Pycnogenol® has a role in Sports Nutrition


Horphag Research-Geneva, Switzerland

Physical exercise goes along with a dramatically increased oxidation of nutrients to meet the shooting up energy demand. Numerous physiological systems and many biochemical interactions are taking place during exercise. Yet, the most significant and performance limiting interplay is taking place between the cardio-respiratory system and skeletal muscle. This is obvious already from the typical 10 to 20-fold increase in inhaled oxygen over rest. The cardio-pulmonary system adjusts in a manner to match oxygen and carbon dioxide transport to the metabolic requirements of muscle tissues [Richardson et al., 1999]. Increased oxygen demands during physical activity result in a rapid compensatory increase in cardiac output and redistribution of blood flow to skeletal muscles. The blood flow characteristics play a key logistic role for oxygen supply to muscle, return of carbon dioxide to the lungs and delivery of lactic acid to the liver. Only sufficient muscle oxygenation warrants aerobic energy generation and prevents anaerobic build-up of lactic acid. The blood flow characteristics play a dominant role for peak muscle performance and integrity.

Pycnogenol® relaxes blood vessels and improves blood flow

Nitric oxide (NO) is the key mediator signaling dilatation of blood vessels to ensure optimal blood flow. NO contributes to increased exercise-induced blood perfusion of organs and plays a key role for coordinating vascular response to exercise. Recent clinical trials have indicated that exercise training is associated with a sustained and systemic increase in the capacity for endothelial nitric oxide production [Gliemann et al., 2014]. Pycnogenol® stimulates the enzyme “endothelial nitric oxide synthase” (eNOS) for enhanced generation of NO from the precursor molecule L-arginine. The effect of Pycnogenol® on endothelium dependent vasodilatation and blood flow was investigated in a study with 16 young healthy volunteers in a double blind, placebo controlled fashion [Nishioka et al., 2007]. Endothelium-dependent forearm artery dilatation and corresponding blood flow increase was initiated by infusion of increasing amounts of neurotransmitter acetylcholine, which stimulates activity of the eNOS enzyme to enhance generation of NO. After two weeks of supplementation with Pycnogenol® the endothelium could generate significantly more NO to increase forearm blood flow by up to 46% higher than at baseline. This effect of Pycnogenol® was significant as compared to placebo which did not increase forearm blood flow. Further control experiments using an L-arginine antagonist proved that Pycnogenol® did indeed enhance vasodilatation by stimulation of endothelial NO synthesis. The result of this study is impressive because it demonstrates enhanced endothelial function in healthy individuals. Thus even healthy people will benefit from supplementing with Pycnogenol®, resulting in better blood flow and tissue perfusion.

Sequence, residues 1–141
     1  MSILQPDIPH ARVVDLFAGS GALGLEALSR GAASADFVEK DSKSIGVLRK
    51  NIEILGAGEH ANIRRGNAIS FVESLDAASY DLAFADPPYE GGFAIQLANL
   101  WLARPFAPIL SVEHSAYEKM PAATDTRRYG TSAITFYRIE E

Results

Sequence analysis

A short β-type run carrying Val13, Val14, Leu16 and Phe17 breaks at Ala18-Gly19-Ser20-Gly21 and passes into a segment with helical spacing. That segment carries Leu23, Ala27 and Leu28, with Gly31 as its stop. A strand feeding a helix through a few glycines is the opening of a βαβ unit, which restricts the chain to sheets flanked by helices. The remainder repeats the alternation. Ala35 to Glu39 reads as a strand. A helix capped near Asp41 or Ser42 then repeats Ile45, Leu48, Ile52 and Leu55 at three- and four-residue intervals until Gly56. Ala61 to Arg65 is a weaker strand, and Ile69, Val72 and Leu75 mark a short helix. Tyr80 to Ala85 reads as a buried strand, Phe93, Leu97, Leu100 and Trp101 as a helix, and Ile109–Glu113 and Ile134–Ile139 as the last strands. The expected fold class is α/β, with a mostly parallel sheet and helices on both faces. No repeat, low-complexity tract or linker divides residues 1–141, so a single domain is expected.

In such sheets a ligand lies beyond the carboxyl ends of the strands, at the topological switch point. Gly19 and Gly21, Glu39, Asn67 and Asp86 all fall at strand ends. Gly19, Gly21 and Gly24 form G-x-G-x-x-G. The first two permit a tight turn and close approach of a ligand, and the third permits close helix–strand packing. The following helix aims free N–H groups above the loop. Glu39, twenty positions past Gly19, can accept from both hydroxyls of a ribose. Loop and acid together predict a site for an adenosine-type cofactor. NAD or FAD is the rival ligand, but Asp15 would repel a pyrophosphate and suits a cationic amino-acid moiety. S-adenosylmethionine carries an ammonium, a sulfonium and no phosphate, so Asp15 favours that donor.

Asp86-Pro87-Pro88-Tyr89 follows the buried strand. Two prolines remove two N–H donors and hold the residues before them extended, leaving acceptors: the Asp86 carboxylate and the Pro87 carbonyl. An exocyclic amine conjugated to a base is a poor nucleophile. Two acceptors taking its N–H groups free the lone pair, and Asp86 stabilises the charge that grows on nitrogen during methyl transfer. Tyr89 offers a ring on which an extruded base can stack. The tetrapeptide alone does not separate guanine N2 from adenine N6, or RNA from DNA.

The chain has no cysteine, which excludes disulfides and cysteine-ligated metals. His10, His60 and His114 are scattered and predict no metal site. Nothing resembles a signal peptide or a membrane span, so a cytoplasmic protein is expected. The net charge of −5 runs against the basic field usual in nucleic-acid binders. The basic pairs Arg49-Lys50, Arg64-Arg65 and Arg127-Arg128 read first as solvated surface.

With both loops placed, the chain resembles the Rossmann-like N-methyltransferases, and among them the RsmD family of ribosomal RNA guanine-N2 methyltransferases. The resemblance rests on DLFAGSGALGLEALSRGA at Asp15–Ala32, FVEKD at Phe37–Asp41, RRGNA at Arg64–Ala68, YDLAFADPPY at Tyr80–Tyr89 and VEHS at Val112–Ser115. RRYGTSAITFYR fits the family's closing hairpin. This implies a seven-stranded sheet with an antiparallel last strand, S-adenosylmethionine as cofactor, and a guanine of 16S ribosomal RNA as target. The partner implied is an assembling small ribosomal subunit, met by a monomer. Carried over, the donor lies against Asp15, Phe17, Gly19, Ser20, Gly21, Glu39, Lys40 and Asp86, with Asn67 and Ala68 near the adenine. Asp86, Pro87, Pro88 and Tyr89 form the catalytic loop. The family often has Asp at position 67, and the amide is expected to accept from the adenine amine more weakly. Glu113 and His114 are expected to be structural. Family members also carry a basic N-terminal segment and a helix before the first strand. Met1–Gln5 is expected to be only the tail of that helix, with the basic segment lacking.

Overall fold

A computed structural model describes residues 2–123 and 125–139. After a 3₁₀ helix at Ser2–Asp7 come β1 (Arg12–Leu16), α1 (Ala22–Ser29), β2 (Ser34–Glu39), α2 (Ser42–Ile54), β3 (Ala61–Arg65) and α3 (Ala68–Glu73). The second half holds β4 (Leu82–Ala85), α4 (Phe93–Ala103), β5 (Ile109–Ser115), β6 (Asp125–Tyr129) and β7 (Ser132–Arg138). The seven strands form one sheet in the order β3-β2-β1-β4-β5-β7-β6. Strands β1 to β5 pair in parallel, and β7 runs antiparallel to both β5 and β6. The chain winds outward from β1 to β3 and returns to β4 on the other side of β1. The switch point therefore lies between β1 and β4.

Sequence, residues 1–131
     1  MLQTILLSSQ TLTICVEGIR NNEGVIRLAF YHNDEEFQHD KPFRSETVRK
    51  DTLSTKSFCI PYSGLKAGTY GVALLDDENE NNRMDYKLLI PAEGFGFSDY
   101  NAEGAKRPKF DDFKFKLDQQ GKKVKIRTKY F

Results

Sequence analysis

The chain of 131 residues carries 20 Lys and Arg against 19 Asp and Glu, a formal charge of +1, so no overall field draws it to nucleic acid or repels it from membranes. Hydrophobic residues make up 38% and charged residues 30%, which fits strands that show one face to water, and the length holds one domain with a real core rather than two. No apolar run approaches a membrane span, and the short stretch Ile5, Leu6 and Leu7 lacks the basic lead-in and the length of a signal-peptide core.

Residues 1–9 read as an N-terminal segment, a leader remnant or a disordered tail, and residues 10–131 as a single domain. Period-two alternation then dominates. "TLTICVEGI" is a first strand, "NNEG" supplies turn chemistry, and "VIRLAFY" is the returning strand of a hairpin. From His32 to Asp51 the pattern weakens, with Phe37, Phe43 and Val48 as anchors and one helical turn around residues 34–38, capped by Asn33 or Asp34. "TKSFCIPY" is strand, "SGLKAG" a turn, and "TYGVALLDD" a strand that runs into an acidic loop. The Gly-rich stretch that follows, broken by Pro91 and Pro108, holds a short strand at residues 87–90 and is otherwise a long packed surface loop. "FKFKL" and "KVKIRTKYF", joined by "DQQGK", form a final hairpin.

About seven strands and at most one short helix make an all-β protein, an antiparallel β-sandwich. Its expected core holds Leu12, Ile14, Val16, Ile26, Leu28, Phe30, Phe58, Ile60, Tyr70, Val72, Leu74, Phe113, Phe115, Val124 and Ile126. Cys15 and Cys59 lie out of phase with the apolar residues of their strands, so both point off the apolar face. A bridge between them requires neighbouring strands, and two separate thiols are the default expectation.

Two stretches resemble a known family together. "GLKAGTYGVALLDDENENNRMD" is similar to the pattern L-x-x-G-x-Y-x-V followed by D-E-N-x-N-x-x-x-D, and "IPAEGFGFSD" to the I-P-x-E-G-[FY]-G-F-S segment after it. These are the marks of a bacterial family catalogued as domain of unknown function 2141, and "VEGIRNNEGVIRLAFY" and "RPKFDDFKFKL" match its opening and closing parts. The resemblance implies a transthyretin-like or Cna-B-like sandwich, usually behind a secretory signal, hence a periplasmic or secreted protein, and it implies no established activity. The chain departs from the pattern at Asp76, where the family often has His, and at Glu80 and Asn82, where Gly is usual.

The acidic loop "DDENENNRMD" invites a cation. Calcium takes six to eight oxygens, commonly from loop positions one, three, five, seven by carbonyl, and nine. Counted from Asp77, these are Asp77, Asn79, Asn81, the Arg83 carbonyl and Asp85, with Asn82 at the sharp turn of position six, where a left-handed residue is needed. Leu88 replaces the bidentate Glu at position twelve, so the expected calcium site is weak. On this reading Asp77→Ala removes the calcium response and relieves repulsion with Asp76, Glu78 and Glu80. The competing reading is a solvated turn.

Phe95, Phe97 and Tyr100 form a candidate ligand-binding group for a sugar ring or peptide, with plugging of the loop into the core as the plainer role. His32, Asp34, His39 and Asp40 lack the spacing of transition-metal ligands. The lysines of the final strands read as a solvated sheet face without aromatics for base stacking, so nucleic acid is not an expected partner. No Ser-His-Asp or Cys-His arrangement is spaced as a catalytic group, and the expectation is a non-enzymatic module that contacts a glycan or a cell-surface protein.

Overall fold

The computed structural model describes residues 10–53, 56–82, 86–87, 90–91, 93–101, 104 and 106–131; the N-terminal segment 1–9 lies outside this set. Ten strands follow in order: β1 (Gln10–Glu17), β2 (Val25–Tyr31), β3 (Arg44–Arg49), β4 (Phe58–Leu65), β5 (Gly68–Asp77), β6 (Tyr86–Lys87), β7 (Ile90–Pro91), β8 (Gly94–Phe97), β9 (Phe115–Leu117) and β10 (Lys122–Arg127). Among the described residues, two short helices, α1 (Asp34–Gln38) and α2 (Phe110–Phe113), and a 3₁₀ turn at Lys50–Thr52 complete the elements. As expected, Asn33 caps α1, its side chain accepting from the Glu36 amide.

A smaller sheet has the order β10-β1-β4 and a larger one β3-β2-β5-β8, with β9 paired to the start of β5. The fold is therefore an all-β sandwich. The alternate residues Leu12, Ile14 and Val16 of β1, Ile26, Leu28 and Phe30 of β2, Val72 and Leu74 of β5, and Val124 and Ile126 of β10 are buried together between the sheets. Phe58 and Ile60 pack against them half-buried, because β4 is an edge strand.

Pycnogenol® enhances blood micro- circulation

Two clinical studies have shown that Pycnogenol® causes vasodilatation and consequently improves blood microcirculation and therefore tissue perfusion [Wang et al., 1999; Kohama, 2004]. Application of specific sensors to the skin of the legs demonstrated an increased presence of oxygen and decreased carbon dioxide after consumption of Pycnogenol® over a period of six weeks [Belcaro et al., 2005]. This finding suggests that Pycnogenol® improves tissue perfusion supporting lasting aerobic muscle activity during any kind of physical exercise. The enhanced NO synthesis facilitated by Pycnogenol® was shown to also normalize blood pressure as well as blood platelet aggregability which help to keep blood viscosity within healthy physiological range [Hosseini et al., 2001; Pütter et al., 1998]. Pycnogenol® was further shown to improve red blood cell membrane fluidity and prevent oxidative stress-induced hemolysis [Sivonova et al., 2004]. In conclusion, Pycnogenol® will contribute to ameliorated blood flow and oxygenation of muscle.




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